I know exactly how you feel.
What if they laugh at you?
What if they don’t listen to you?
What if they ask you tough questions?
In this post I will reveal the simple two part sentence that will cure your anxiety about public speaking. This sentence took me a long time to discover. After many failures, with much trial and error, it finally all made sense.
First, let me reiterate: I have been exactly where you are now. I know that loss of sleep in the lead-up to the big day. I know that feeling of dread as you’re about to go on stage. I know the shortness of breath and dry-mouth as you try remember what to say. I know that feeling of panic when you realize you are being judged.
I tried everything.
I wrote out my speech and practiced ’til I was blue in the face. Fail.
I planned out every section of my talk in a giant flowchart I held in front of me on stage. Fail.
I wrote my key points out on cue cards I clasped tightly, squeezing the life out of them. Fail.
I planned out my talk using PowerPoint so I could just look at the screen and follow the bullets. Fail.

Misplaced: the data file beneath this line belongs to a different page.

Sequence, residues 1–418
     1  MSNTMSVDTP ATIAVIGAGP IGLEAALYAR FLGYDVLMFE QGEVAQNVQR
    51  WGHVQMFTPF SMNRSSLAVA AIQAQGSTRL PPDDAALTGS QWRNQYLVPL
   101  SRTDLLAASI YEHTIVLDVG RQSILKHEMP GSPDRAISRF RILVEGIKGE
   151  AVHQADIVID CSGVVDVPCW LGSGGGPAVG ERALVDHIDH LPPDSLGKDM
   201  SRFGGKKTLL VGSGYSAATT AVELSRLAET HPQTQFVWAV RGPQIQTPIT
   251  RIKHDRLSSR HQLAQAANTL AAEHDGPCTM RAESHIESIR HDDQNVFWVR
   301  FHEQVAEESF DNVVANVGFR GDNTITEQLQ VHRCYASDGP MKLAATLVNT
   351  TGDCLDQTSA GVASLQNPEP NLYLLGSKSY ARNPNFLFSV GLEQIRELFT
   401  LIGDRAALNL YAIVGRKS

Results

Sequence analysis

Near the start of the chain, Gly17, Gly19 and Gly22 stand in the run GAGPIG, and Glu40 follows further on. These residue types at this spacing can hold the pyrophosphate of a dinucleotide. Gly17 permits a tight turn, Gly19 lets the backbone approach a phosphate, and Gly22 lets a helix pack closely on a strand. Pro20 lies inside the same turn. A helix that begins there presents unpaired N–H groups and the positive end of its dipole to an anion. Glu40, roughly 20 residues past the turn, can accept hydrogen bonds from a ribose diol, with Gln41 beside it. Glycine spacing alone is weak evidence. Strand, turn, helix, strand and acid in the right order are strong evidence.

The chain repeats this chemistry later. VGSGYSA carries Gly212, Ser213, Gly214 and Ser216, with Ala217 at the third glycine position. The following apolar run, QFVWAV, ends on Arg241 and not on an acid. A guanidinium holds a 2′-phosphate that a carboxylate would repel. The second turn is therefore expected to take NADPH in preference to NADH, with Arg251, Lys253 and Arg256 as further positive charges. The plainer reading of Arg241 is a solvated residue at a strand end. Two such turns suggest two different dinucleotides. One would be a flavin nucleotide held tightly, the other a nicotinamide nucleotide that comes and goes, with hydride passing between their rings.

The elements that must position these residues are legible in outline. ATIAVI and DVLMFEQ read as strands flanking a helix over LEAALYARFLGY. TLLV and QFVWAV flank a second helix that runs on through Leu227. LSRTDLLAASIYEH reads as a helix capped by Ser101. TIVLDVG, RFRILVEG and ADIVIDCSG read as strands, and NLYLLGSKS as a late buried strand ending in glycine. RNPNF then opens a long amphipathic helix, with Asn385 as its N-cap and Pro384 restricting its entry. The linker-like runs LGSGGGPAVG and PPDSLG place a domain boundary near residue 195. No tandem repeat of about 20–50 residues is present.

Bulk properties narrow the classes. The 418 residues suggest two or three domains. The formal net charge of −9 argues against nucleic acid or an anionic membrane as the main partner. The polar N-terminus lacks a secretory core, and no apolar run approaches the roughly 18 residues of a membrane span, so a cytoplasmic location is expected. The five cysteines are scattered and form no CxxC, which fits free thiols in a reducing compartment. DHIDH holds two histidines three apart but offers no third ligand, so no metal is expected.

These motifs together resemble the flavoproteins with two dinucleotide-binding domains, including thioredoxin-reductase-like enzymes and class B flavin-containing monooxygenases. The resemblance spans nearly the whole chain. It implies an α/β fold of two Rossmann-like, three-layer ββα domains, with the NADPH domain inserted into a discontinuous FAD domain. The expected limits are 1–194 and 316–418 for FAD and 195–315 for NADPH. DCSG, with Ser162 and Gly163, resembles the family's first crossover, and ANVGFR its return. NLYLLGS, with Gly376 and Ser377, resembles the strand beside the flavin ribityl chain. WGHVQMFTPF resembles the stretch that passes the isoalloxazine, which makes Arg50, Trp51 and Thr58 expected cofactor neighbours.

With many failed talks under my belt, and hundreds more on the horizon, I was battle-scarred and weak.
With each failure, I slowly came to a realization. Something that became so clear it changed my presentation style forever. Something that can be boiled-down to one simple sentence:
It’s a conversation and the audience is on your side.
The audience does not want to be talked at. They want to be talked with.
If the next person you meet socially talks “at” you, you likely won’t want to see them again.
The same conventions that work in regular social situations work on stage:
- The audience want to be talked with
- The audience want to be interacted with
- The audience want to feel you actually want to be there in that conversation with them
- Slip-ups, mistakes, forgot something? All a part of regular communication
The audience is on your side
It is understandable to feel like the audience is judging you when you’re on stage.
But it’s important to understand they actually never are.
The audience does not want you to fail. The audience wants to see you succeed. The audience is on your side.
How do I know this?
Because if you fail it is not only uncomfortable for you, it is uncomfortable for the audience too.
Just like you, the audience wants to feel comfortable, so the audience is there to support you, not judge you.
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